The jury is still out on this one.
I saw this pattern on Instagram a few weeks ago now and I thought how pretty it looked. I am really interested in learning to smock (although pleating machines are way out of my budget)! and this faux ‘honeycomb’ type of detail completely bowled me over, and seemed a good compromise.
Not sure if it is wise to admit that I often spot children’s dresses (usually with smocking) and wish that there were similar patterns available for adults.
So, here are the details of McCalls M8325..
It is a pull-on pleated top with a keyhole back neck opening. There is a choice of short, ruffle or puff sleeves, and a hem frill on view C. I made view C (although I sewed the pleating in alternating directions as described for view A), and decided to omit the hem frill.
Alterations that I made were to use two rows of shirring to gather the sleeves rather than use regular elastic inserted into a casing. It’s much more comfortable to wear I think, and quicker to sew this way too! As mentioned I also chose to leave off the hem frill so that the length was short. For the key hole fastening I used a button and (thin elastic) loop rather than a hook and eye as I find hooks and eyes so fiddly to fasten/unfasten.
The sizing was a challenge. There is a massive amount of ease in this pattern. My bust size put me as a size medium (34″-36″) in the ‘body measurements’ chart. In the ‘finished garment measurements’ this gives me a finished bust measurement of 55.5″!! It was at this point that I decided to use an inexpensive fabric as this was definitely one to toile before cutting into anything expensive. My head was telling me to size down (as I probably normally would with a McCall pattern), but I was then concerned about it not fitting across the shoulders. I stuck with the side M and it was actually ok, although there would have been no problem with sizing down too.
My fabric is a bargain cotton lawn from eBay, which is so pretty but had a couple of flaws in it (hence the price I guess), so it was perfect to use to try out this pattern. I love the fact that the pleating is pretty much the first thing that you start with when you start sewing it up – straight into the exciting bit! A word of warning though – be careful about which marking tools you use to mark those pleats. Guess who used a Frixion (heat erasing) pen, and then realised that this would disappear straight away with the iron. Doh. After trying other fabric marking techniques including chalk and dressmakers carbon paper on fabric scraps, I eventually went with a water soluble pen and found this was the best option for me. So after marking it all up again it was time to get sewing. I found the instructions to be very good, and really loved the satisfaction of creating the pleating.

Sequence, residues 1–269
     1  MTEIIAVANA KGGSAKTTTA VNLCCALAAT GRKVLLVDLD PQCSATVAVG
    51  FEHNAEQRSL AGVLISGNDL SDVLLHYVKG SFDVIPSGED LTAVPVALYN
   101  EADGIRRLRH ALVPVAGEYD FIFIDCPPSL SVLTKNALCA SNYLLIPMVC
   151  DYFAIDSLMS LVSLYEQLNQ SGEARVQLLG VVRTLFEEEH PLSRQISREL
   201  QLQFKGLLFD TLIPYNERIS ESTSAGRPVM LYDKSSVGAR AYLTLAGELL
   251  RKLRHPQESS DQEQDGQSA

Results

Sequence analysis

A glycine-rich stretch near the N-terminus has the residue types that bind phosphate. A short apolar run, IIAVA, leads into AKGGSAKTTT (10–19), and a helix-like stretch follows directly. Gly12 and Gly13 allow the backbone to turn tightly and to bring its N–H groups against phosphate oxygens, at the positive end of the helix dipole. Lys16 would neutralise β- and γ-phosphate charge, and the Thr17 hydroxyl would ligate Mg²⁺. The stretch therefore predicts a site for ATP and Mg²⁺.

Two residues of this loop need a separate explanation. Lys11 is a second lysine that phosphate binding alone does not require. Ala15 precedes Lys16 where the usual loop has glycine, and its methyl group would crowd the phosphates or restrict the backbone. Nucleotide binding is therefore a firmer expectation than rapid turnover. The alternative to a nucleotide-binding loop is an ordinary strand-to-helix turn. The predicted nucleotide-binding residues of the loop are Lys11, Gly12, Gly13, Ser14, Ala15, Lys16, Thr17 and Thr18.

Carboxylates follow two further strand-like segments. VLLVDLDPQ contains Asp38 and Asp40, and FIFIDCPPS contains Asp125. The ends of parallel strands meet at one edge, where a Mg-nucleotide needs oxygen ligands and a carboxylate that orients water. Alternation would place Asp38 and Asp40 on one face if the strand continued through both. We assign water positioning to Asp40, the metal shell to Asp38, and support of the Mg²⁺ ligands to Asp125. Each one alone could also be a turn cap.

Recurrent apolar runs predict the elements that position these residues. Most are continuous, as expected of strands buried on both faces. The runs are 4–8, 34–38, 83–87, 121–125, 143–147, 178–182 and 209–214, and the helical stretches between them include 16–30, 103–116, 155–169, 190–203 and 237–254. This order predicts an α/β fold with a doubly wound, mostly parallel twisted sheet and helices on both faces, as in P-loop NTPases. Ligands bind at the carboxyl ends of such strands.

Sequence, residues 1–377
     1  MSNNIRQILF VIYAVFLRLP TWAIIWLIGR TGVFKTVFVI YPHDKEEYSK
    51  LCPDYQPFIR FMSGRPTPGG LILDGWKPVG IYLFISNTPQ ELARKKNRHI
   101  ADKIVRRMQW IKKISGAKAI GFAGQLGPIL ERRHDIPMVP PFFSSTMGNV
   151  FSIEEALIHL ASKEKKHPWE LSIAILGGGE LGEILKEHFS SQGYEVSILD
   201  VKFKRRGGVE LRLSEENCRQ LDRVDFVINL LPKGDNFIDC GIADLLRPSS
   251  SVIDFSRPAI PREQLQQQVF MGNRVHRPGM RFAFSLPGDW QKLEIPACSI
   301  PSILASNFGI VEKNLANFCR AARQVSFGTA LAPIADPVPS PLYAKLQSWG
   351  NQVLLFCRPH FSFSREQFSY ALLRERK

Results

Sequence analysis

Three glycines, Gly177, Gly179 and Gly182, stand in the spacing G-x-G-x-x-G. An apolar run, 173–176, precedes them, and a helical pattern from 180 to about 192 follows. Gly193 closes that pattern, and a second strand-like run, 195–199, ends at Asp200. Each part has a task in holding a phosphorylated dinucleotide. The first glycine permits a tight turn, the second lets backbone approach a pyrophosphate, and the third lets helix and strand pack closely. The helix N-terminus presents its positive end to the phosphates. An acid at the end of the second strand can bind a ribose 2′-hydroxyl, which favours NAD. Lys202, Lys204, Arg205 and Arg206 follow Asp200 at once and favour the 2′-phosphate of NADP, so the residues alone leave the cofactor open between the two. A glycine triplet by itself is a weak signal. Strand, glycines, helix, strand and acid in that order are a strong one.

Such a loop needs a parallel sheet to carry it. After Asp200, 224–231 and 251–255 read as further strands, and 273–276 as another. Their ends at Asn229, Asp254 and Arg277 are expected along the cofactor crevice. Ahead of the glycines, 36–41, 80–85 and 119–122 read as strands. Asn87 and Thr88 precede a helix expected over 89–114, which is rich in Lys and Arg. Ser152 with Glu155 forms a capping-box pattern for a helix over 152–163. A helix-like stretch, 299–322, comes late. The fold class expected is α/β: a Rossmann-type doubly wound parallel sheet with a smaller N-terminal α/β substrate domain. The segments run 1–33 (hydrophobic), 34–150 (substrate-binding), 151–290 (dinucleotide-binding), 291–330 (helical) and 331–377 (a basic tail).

The neckline is finished with a facing, but you could easily use binding if that is your preferred method.
There are side panels in this top which I was not expecting, and the sleeve went in easily – it really is quite ‘puffy’ which I love. I’m glad that I used shirring elastic to gather in these sleeves as it gives such a pretty finish, is more comfortable on your arms, and is good fun to sew. Also much quicker than fitting a casing and threading regular elastic through it.
I used a pretty vintage looking button and some thin round elastic to make a button/loop fastening at the back.
So the problem with this pattern is how it looks on me. It just doesn’t suit me. As someone with a large bust I should have known better. The pleating sits above your bust on the flat part of your chest and then the fullness of the fabric below it emphases your size (Maybe this is why all those cute girls dresses with smocking aren’t available in adult sizes – ha ha). I’m sad to say that I don’t think it suits me as I think it emphasizes part of my body that I like to hide.
I wonder if the fact that I chose to shorten the length by taking off the ruffle exaggerates the fullness in the blouse front it even more. I perhaps should have cut it the same length as view A.
Or perhaps I should have styled it with a tighter fitting trouser. Yes I think that might have been better. I must try it on with a slim fitting jean.
So, although I don’t think this pattern suits my shape, it’s a really pretty design and will for sure look lovely on others. I’m sure that it would also look cute as a loose dress if you chose to extend the length.
Take care, and I’ll be back soon,
@sew_dainty on Instagram